BWF MetaEdit is a free, open source app for Mac, Windows, Ubuntu, and many other operating systems. It allows users to view and edit metadata in a dozen BWAV standards I won’t pretend to understand, then export the results as iXML and CSV. Modifications must be done individually; there is no batch edit function.
- Extensive BWAV standards support.
- Export lists as iXML and CSV.
Splat Sound FX Database
Splat Sound FX Database, Free, Windows
I haven’t tried this app since it is Windows-only, but PC fans are encouraged to check it out. It’s free, after all.
Limit Point Software’s Commenteer
Commenteer $19.99, Mac OS X 10.6.6+ (Mac App Store)
Commenteer is a small Mac app that adds and modifies the Mac OS X Finder’s Spotlight comments. It can append or prepend comments, or fetch them from the clipboard. It can also import comments, and export them to a list. The comments are applied singly, or to a bulk set via drag-and-drop or tab-delimited reference file.
How can this help you? The Mac OS X Finder’s Spotlight is a fairly decent way of tracking down files. You can add metadata info to each of your sound effect’s Finder comments, then track them down using the Spotlight, or any other app that takes advantage of Finder comments.
- Able to apply Spotlight Finder comments both singly, and in batches.
Read-Only Metadata Apps
Audio Ease’s Snapper
Snapper, $79 (Mac OS X 10.5 – 10.9)
Snapper isn’t able to gather many files or search through them. That’s fine, though. It does the other work of metadata apps well: reading metadata, playing audio, and transferring it to an editing app.
Snapper runs in the background. When you click a sound file in the Mac OS X Finder, a small window appears at the base of the Finder window. That displays a multi-channel waveform, with markers, and mute and solo buttons. It also shows ID3 and BWAV metadata info in a sidebar. You can transfer audio anywhere via drag-and-drop, and spot a selected region of audio to a Pro Tools timeline. It also converts files to MP3.
So, while it cannot write metadata, it offers many of the features of metadata apps except for search and project management. However, you could use the Finder’s search function to mimic that. If you’re on a budget, and your sound files are named well, Snapper is a good choice to preview and transfer sound effects inexpensively.
- Drag-and-drop and spot-to-timeline transfers.
- Multi-channel playback and transfer.
- Transfer regions.
- Reads ID3 and BWAV.
How to Choose Metadata Apps
Here are the categories we explored today:
- Full-featured metadata apps.
- Sound browsing apps.
- Metadata apps.
- Read-only metadata apps.
Some tips for choosing software that is right for you:
- Pro sound editors need to transfer search results to other apps. The full-featured apps in category 1 are the best choice. Soundminer V4 Standard/HD Plus, and Library Monkey Pro occupy the same general initial feature space. Price increases as premium features are added, such as spotting to timeline, applying plug-ins, and embedding metadata back to files. Basehead and Soundminer V4 Pro are typical next steps.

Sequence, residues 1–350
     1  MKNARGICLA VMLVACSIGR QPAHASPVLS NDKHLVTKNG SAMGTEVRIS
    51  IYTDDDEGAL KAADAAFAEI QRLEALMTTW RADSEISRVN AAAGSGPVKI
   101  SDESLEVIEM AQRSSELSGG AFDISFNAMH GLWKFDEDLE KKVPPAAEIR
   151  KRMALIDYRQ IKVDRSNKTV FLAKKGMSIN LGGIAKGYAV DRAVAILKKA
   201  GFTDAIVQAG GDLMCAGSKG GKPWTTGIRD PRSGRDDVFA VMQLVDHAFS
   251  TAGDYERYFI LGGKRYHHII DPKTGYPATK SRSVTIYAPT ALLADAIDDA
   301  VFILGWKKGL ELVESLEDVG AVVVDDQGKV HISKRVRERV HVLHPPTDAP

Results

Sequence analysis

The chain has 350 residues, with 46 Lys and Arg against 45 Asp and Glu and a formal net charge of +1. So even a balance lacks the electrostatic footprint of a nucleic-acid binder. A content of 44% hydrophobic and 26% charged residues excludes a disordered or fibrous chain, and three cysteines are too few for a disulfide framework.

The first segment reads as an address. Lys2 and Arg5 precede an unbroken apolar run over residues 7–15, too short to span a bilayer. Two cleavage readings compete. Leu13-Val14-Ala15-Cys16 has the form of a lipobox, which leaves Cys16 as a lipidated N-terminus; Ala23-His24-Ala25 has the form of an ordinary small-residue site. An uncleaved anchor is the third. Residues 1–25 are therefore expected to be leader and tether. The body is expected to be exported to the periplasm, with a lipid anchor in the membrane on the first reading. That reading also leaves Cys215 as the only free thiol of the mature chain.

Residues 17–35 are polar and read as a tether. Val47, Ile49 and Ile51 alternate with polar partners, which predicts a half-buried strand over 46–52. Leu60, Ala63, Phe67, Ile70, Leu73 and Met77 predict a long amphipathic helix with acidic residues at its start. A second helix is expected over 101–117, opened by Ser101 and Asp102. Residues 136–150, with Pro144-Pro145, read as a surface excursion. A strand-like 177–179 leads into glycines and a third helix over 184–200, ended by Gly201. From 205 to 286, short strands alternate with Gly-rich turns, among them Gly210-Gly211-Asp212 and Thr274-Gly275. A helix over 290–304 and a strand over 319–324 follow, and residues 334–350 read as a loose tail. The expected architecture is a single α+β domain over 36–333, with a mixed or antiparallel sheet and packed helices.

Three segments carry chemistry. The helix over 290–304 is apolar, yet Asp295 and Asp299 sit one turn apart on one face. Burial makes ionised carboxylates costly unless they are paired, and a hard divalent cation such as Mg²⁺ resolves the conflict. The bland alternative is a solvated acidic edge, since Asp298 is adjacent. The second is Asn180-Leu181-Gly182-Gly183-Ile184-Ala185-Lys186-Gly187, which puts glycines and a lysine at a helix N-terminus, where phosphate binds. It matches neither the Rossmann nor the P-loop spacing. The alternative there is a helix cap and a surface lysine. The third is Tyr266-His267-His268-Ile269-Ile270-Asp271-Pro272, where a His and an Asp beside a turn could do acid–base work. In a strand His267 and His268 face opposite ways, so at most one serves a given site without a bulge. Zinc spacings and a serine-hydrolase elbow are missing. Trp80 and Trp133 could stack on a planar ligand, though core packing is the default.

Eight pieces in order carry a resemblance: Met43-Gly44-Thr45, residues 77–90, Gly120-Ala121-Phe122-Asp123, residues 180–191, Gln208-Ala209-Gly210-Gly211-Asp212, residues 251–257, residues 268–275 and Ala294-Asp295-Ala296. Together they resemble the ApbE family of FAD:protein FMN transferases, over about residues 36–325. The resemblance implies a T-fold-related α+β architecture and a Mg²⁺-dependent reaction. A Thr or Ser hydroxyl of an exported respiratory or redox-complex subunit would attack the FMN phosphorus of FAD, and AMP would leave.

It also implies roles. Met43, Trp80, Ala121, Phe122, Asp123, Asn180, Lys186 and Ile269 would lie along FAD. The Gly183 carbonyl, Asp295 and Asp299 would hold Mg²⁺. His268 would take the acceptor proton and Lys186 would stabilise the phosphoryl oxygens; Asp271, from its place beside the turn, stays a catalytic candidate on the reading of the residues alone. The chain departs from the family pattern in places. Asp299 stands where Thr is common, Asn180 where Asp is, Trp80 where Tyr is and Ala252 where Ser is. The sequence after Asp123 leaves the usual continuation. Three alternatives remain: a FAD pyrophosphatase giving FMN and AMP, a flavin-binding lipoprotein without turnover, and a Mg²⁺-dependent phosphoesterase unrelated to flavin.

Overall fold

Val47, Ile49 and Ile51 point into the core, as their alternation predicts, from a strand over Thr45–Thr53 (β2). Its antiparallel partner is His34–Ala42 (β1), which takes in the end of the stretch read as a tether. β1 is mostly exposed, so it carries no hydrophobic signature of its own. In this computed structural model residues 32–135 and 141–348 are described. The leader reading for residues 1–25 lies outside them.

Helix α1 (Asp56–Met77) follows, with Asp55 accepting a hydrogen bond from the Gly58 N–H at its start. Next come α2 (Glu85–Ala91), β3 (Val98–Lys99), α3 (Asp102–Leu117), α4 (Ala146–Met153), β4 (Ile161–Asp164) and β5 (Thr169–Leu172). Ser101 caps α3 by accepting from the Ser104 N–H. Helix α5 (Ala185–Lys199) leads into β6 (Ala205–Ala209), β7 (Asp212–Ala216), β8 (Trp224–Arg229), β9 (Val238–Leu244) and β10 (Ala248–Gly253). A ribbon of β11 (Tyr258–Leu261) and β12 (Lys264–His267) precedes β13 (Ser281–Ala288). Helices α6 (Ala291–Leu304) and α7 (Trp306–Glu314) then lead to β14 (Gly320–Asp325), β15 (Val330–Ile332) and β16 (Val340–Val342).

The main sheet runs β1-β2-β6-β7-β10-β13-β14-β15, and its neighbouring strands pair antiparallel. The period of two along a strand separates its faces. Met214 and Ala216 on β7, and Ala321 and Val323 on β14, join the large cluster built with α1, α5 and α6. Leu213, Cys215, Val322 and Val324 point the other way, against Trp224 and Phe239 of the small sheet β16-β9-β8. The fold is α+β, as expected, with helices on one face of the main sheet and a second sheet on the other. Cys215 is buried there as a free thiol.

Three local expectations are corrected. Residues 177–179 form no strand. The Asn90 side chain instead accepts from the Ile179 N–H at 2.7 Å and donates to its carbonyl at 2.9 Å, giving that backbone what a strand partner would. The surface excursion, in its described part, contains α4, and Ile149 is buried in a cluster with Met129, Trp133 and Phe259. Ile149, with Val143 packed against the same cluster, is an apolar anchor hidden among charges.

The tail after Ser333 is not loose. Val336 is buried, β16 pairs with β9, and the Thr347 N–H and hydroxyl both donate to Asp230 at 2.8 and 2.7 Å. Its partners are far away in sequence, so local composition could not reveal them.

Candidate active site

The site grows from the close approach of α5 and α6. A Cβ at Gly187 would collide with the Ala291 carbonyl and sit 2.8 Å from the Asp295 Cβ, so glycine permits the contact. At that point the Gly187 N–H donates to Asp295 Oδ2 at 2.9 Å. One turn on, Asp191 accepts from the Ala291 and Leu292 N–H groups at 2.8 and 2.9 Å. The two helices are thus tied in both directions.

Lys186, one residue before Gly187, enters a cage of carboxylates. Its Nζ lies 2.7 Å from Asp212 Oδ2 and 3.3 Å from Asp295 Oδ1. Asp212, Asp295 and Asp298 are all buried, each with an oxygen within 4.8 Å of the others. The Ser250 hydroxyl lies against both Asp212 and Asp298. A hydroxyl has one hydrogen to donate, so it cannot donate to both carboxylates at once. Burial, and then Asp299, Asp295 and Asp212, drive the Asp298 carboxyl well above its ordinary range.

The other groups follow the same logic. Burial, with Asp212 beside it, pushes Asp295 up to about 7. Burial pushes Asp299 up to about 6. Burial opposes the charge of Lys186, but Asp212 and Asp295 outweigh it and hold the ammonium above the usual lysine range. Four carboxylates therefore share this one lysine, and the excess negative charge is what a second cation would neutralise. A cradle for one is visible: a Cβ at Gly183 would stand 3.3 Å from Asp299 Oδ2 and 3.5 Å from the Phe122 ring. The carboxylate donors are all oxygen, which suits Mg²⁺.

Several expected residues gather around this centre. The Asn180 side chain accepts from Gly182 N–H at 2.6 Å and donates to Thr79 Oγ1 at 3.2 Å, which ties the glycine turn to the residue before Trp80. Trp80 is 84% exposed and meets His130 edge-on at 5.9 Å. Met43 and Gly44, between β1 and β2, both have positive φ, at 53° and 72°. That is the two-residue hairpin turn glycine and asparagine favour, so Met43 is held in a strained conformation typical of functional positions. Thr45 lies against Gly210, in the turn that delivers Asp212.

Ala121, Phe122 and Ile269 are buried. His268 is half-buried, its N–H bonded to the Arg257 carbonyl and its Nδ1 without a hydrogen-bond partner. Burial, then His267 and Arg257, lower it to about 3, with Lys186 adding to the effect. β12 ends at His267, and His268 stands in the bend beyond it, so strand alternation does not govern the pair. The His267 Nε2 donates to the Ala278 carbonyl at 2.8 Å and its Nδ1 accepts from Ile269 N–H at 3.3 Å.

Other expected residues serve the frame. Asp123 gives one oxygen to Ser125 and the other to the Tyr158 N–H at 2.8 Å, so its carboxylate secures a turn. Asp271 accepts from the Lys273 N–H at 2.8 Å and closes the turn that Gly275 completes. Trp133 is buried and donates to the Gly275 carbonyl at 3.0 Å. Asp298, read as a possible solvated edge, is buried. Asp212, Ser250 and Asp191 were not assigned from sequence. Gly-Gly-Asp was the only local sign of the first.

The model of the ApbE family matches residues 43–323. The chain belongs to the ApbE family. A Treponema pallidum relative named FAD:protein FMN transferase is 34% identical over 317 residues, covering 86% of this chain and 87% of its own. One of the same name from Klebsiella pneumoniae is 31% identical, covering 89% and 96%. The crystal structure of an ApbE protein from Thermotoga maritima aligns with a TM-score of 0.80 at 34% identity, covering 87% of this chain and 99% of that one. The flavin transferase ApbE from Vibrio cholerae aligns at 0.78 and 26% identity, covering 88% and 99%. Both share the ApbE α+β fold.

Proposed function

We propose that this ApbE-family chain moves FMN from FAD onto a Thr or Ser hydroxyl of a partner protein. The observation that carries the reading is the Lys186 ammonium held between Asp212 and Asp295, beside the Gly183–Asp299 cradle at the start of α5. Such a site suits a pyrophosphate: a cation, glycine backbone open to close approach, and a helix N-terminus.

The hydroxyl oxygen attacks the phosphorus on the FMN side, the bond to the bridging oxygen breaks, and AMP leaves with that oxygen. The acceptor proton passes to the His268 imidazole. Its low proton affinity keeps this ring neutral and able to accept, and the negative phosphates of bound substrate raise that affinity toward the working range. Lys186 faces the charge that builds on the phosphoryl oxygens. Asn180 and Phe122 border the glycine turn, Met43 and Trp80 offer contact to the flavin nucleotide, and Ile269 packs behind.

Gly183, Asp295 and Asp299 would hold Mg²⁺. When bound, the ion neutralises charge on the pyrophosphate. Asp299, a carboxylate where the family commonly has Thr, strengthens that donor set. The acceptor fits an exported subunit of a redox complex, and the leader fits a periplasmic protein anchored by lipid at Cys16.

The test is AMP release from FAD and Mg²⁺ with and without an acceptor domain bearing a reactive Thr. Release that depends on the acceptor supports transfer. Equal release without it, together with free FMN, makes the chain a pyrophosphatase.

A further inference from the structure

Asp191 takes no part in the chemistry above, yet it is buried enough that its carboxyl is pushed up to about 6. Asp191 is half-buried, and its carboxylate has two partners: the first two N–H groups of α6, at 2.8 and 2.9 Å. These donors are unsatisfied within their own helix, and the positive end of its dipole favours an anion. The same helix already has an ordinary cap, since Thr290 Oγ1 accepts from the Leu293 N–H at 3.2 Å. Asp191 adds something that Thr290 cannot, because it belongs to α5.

- Casual editors don’t need every feature, and won’t likely have hundreds of dollars to spend. iTunes is a great place to start. Have a bit more cash? AudioFinder ($69.95), Library Monkey ($129.00), and Soundminer HD Basic ($199) are great next steps. Those will allow searching, organizational features, and sound fx transferring, although they lack rich metadata features.
- Pro sound librarians can focus on category 2, sound browsing apps. Those help sort and organize collections. If you have a bit more cash and want more features, upgrade to the full-featured apps in category 1. The ability to embed metadata is a primary reason to shift to category 1 from 2. Have well named files organized in folders? The read-only apps in category 4 may work. Just need to tweak metadata? The apps in category 3 will suit you.
- Budget options.
- Option 1: Mac users may use Wave Agent (free) to add BWAV metadata, iTunes (free) to add ID3 tags, or Commenteer ($19.99) to add Spotlight comments. Then, once sound effects are organized well in the Finder, use Snapper ($79.00) to preview and transfer multi-channel sound fx.
- Option 2: Windows users may use ifoundasound (free) to search, organize, audition and transfer their sound library, and MetadataTouch Pro ($80) to apply metadata in batches.
- Option 3: forego the waveform display and region selection and use iTunes (free) to organize and transfer your library with drag-and-drop.
Which app is best for you? Well, it depends on how you want to use your sound library. Working in game audio, or film sound? You’ll want all four steps, and you’ll likely pay the price to match. Less demanding productions can get away with other options. You may even prefer to use a combination of cheaper apps together instead of a single, more expensive one.
Feedback on this article? Know of other sound effects metadata apps that should be added to this list? Contact me.
We’re not done with metadata yet. The next article will share tricks and tips for adding metadata in Soundminer.